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Prevaricating


Prevaricating is defined as: "speaking evasively; equivocating". And equivocating is defined as: "using vague or intentionally evasive language". Whichever term you choose to use for it, there is a lot of this that goes on in the world today, and it happens far too often in our community as well.

I have wrestled with this for much of my life... first in myself, and then in a lot of other people. And I feel that if we could, within our community, make some serious breakthroughs in this area, it would be a major turning point in our history. I really am hopeful that we may be getting close to that point.

The fact that people prevaricate or equivocate when asked questions that threaten to show them up in a bad light hardly needs to be mentioned. We have each seen it in others when they have been out of the spirit. However, I think that there is something in many of us that starts to sympathise with the person who is prevaricating. We've been there before and we know how it feels, so we want to get the other person off the hook as quickly as possible, and we are ready to accept any shortcut that will achieve that.

Such an attitude plays right into the prevaricator's hands. They simply say something that sounds like a good explanation or a half-way decent apology, and we take the part that suits us and choose to ignore the possibility that what they said had two meanings. As I have already said, we do it because we are sympathising with the person. And this is where prevaricating can spread in a close-knit community like ours, like a disease. Until it is rooted out of your own life, you will continue to ignore and even defend it in the lives of others. In fact, you would be a hypocrite if you did not.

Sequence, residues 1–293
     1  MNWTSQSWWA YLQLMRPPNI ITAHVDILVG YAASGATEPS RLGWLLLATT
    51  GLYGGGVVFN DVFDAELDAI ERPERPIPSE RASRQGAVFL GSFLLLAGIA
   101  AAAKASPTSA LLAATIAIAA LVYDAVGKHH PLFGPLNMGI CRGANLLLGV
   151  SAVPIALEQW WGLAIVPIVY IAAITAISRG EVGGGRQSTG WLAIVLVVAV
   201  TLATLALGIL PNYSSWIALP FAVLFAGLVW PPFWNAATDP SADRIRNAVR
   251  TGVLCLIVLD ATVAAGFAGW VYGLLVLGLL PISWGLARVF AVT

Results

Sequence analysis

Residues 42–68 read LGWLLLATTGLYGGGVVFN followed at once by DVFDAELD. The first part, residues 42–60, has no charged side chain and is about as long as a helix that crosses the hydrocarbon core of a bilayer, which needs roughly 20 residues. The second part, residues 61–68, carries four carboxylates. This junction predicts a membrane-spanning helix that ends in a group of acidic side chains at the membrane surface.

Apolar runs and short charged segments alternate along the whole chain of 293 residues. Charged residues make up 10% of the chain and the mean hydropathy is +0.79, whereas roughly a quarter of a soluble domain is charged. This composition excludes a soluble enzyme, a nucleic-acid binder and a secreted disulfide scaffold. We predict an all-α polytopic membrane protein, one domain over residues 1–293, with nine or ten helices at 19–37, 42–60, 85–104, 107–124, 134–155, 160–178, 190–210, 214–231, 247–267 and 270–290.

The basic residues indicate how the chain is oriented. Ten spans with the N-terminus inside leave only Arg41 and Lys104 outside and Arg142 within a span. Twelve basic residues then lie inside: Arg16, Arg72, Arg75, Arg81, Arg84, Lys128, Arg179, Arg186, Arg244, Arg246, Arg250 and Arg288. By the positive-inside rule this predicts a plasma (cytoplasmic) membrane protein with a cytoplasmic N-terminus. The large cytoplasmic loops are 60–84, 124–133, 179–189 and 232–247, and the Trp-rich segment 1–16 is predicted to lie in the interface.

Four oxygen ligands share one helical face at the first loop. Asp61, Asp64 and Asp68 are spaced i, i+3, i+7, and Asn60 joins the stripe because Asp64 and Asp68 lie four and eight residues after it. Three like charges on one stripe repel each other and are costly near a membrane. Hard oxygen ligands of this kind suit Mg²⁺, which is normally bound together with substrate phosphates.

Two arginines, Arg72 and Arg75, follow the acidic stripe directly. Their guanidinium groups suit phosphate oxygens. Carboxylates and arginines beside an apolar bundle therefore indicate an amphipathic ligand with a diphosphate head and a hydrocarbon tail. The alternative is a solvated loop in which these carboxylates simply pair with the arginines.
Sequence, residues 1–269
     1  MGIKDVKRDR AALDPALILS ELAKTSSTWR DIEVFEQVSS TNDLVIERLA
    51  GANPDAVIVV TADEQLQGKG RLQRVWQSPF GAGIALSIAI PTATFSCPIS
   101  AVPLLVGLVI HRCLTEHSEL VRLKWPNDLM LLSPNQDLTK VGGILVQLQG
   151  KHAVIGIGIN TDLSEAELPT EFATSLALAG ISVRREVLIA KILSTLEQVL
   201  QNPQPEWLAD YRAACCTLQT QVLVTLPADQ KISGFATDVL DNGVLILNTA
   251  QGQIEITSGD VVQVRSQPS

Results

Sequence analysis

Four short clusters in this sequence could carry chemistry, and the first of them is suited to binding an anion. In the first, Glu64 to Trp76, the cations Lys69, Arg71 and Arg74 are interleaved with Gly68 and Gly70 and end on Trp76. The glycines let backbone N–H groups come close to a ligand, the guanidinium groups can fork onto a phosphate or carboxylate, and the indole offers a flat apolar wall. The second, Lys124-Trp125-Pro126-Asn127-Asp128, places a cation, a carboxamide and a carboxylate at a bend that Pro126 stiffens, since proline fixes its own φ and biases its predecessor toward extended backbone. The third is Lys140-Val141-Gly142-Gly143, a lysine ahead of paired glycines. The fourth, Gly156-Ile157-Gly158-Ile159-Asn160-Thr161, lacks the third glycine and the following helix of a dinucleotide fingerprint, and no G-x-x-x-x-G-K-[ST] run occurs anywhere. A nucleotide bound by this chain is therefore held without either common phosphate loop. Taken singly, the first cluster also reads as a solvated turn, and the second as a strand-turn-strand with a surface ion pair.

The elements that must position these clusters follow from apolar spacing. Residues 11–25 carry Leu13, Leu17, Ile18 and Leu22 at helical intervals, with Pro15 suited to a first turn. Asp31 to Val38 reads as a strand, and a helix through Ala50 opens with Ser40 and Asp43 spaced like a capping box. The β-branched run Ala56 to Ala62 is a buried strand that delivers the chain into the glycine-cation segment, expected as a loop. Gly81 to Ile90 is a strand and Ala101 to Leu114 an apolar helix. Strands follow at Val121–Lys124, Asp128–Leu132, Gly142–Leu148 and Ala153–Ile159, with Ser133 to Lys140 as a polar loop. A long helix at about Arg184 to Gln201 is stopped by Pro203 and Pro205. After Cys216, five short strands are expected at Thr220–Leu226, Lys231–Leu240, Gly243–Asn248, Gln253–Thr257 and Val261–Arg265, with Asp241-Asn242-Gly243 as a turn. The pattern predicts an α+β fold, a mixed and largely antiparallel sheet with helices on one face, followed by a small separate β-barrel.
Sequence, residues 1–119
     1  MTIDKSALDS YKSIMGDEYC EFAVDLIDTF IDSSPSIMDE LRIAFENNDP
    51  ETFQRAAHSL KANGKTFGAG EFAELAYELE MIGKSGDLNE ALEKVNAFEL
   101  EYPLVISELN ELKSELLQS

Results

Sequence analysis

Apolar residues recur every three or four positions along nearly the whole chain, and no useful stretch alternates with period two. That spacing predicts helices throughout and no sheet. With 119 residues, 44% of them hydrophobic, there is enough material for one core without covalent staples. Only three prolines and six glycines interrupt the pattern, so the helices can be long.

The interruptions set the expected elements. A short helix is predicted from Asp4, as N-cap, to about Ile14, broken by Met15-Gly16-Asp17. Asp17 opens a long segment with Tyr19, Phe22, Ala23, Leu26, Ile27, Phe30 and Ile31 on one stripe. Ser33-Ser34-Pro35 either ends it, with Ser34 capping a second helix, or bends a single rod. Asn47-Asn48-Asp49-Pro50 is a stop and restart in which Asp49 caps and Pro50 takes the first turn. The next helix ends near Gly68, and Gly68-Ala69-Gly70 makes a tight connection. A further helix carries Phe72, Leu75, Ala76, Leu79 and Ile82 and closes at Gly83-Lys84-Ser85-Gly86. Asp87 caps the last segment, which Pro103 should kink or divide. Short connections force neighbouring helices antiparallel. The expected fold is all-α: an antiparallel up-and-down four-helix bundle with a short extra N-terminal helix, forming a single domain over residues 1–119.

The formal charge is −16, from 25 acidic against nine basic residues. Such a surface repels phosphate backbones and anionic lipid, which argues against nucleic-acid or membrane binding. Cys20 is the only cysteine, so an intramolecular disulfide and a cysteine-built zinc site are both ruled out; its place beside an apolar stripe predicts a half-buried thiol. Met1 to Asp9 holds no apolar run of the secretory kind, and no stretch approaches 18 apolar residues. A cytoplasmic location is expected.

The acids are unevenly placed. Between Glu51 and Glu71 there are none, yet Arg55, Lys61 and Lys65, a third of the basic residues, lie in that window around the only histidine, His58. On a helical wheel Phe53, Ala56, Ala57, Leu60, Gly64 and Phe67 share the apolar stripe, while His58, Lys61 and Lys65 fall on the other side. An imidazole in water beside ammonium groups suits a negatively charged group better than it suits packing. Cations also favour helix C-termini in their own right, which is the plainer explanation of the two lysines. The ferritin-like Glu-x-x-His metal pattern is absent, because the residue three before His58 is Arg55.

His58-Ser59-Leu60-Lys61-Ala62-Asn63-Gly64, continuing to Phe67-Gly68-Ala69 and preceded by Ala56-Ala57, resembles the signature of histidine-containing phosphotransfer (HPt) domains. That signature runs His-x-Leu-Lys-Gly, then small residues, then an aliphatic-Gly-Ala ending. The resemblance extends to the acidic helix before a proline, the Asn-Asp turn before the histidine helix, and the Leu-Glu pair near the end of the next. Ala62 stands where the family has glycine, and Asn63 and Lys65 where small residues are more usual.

So obviously, we need to recognise our own tendency to prevaricate. I think it helps if we understand, first, that this IS a widespread problem. You are not alone. Let's turn this silent conspiracy between all of the prevaricators, into more of a Prevaricators Anonymous approach, where we all consciously choose to help one another overcome the problem.

Personally, I think that our focus needs to be on the starting point, that moment when someone says something (usually asking a question) that makes you feel that a fault is about to be exposed. There is in most of us a slight increase in our heartbeat when that happens. That is the sort of thing that lie detectors pick up. In lie detector tests they ask simple yes or no questions mostly, and they don't determine the lie by what you say; they determine it by measuring bodily changes... heartbeat, in particular. And so that is what you need to look for to spot the problem in yourself. Listen to your body. Prevaricators rarely tell outright lies, but the heartbeat thing still happens.

I will give an example. Someone says, "How many contacts did you follow up this month?" In the split second after the question is asked, you realise several things. You realise that you have only followed up two or three contacts. You realise that you were supposed to have followed up 24. You realise that the person asking the question is not likely to check any further for proof, and so this is a situation where you could quite possibly get away with a lie. And you realise that you don't really want to be guilty of an outright lie. All of these thoughts flying through your head at lightning speed cause your pulse to increase. That is what you need to look for if you want to track the problem down to its source. In a very short time you will be able to convince yourself that you did NOT go through all those different options (and the ones that follow) in order to hide the truth. But if you can spot the nervous reaction to the question, maybe you will be able to see that the increase in your heartbeat came because of those reasons.